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Atmospheric turbulence parameters are estimated for an imaging path based on time-lapse imaging results. Atmospheric turbulence causes frame-to-frame shifts of the entire image as well as parts of the image. The statistics of these shifts encode information about the turbulence strength (as characterized by Cn2, the refractive index structure function constant) along the optical path. The shift variance observed is simply proportional to the variance of the tilt of the optical field averaged over the area being tracked and averaged over the camera aperture. By presuming this turbulence follows the Kolmogorov spectrum, weighting functions, which relate the turbulence strength along the path to the shifts measured, are derived. These weighting functions peak at the camera and fall to zero at the object. The larger the area observed, the more quickly the weighting function decays. One parameter we would like to estimate is r0 (the Fried parameter or atmospheric coherence diameter.) The weighting functions derived for pixel sized or larger parts of the image all fall faster than the weighting function appropriate for estimating the spherical wave r0. If we were to presume that Cn2 is constant along the path, then an estimate for r0 could be obtained for each area tracked, but since the weighting function for r0 differs substantially from that for every realizable tracked area, it can be expected that this approach would yield a poor estimate. Instead, the weighting functions for a number of different patch sizes can be combined through the Moore–Penrose pseudoinverse to create a weighting function that yields the least-squares optimal linear combination of measurements for the estimation of r0. This approach is carried out for one example and is shown to give noisy results. A modified version of this approach that creates larger patches by averaging several smaller patches together solves this noise issue. This approach can also work to estimate other atmospheric parameters.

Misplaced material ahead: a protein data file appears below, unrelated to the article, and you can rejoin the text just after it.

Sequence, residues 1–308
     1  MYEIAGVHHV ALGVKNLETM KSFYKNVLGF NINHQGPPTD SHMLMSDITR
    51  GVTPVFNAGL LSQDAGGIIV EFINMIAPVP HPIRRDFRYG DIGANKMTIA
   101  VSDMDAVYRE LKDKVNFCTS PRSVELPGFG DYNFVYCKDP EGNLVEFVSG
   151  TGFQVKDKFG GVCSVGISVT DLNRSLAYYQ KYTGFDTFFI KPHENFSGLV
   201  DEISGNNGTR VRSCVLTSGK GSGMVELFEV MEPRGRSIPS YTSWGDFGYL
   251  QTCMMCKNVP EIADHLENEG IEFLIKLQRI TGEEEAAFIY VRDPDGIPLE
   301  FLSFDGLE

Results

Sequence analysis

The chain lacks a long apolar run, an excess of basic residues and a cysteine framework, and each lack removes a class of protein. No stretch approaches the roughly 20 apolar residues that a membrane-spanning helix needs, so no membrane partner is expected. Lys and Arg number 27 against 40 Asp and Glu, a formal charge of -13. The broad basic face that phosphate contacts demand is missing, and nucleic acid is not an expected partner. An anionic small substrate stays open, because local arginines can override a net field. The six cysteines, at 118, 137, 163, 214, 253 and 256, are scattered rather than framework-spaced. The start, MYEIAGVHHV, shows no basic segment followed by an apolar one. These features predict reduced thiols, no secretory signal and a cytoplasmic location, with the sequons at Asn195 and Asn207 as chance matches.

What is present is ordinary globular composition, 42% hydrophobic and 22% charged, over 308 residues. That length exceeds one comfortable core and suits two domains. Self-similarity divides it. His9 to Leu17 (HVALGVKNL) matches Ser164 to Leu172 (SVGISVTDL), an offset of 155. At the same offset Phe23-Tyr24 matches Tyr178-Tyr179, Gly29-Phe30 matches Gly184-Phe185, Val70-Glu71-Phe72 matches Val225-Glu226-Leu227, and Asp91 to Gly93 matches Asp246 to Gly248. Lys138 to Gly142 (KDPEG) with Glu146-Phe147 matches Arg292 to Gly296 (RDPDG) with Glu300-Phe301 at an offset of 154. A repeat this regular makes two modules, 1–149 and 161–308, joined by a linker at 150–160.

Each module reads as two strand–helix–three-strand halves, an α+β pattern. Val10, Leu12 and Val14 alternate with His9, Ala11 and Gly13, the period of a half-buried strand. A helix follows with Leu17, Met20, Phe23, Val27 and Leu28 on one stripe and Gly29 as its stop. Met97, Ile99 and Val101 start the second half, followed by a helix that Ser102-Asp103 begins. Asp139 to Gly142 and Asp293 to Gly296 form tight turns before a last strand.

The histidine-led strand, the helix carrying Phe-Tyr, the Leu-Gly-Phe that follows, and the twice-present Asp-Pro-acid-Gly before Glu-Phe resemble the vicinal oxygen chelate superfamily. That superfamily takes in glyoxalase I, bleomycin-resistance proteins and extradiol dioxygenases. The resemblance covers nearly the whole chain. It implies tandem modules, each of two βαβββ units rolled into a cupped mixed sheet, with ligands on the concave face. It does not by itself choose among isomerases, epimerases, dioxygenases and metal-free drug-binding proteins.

This is an open access article published by SPIE and distributed under the Creative Commons Attribution License, which permits unrestricted use, distribution, and reproduction in any medium, provided the original work is properly cited. CC BY 3.0

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Optical Engineering